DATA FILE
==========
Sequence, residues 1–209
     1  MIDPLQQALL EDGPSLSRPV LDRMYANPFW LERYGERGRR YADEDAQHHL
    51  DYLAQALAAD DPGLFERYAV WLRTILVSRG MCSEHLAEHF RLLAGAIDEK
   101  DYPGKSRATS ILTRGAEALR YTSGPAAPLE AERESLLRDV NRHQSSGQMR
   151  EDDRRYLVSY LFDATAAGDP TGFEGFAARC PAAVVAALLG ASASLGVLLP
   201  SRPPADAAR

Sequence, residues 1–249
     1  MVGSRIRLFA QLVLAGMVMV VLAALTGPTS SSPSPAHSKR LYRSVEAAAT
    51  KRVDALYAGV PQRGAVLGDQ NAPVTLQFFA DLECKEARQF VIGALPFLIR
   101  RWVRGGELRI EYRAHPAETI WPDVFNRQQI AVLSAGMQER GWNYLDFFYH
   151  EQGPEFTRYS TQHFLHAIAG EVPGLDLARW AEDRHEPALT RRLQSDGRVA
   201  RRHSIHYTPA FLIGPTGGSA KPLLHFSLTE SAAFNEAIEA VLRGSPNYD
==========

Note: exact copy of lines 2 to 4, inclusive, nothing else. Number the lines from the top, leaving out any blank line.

     1  MIDPLQQALL EDGPSLSRPV LDRMYANPFW LERYGERGRR YADEDAQHHL
    51  DYLAQALAAD DPGLFERYAV WLRTILVSRG MCSEHLAEHF RLLAGAIDEK
   101  DYPGKSRATS ILTRGAEALR YTSGPAAPLE AERESLLRDV NRHQSSGQMR